- Be powerful
- Be sexy
- Represent your relative age
- Produce self-confidence and joy
Developing your authentic walk comes from the process of acceptance -> experience -> release -> moving forward with emotions -> change.
You melt your freeze response by experiencing the emotions and body response you couldn’t experience when the trauma or stress occurred. The best way to do that is to connect to what’s happening AS you act.
As you walk, allow your full experience to occur. Your body’s first response will be to return to your freeze behavior pattern. Feeling the freeze and the emotions behind it, you step beyond the old behaviors to move with the underlying emotions and responses occurring.
Some of my biggest shifts occurred from allowing my body to shake AS l felt my emotions AND as I took action. Often the action was speaking truth to power. My old pattern wanted me to shut up. My deeper voice needed to speak. Risking losing a friendship and making a fool of myself, I spoke as my whole body shook.
Men in our groups often shake as, for the first time, they allow themselves to be seen expressing a suppressed emotion. Afterward, they report being looser than ever. Some of their freeze melts.
By letting out the deep inward movement of shaking, you set yourself free to better express your outward movements. Your walk becomes more natural. Others find they want to connect to you. You also discover that as your body is set free, those you have no interest in will avoid you. Those that you are interested in are drawn to you. You don’t need to work at it.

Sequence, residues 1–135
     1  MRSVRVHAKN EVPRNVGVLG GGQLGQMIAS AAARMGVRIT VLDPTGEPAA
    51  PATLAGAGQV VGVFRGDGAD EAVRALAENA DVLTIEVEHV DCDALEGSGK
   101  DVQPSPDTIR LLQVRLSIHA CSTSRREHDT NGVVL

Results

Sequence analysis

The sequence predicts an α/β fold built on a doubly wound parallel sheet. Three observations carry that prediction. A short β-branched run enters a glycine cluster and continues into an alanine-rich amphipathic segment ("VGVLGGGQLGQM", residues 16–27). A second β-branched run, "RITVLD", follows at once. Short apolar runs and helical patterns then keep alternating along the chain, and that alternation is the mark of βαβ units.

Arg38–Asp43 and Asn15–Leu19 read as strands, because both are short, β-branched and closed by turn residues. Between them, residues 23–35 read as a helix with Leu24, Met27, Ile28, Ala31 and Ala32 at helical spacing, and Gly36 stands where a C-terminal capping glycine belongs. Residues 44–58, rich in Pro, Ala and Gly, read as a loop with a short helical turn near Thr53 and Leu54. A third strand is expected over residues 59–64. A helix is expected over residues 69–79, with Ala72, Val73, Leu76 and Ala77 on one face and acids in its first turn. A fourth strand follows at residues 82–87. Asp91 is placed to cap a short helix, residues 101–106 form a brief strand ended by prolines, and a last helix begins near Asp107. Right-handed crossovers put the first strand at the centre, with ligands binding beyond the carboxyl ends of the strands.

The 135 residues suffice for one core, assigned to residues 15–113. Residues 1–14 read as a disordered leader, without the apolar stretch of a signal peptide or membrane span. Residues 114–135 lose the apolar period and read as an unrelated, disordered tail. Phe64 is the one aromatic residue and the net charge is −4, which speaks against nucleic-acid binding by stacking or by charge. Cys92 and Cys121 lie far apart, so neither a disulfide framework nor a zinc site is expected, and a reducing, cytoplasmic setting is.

“Integrating Body Movement into Attractiveness Research,” Frontiers in Psychology, 2015-3-03
 “The Role of Human Body Movements in Mate Selection, Evolutionary Psychology,” 2010-01-01
 “Shake Your Tail Feathers: Hips, Orgasms and Dancing,” Psychology Today, 2010-03-12
 “Clues to Mysteries of Physical Attractiveness Revealed,” ScienceDaily. 2007-05-24
 “Love the Way You Move: Visual Cues that Make People Attractive to Others,” Neuroscience News, 2015-08-10
 Rolfing is a form of bodywork focus on releasing chronic tension and aligning the body in the gravitational field.
Photo: Pexels / Pixabay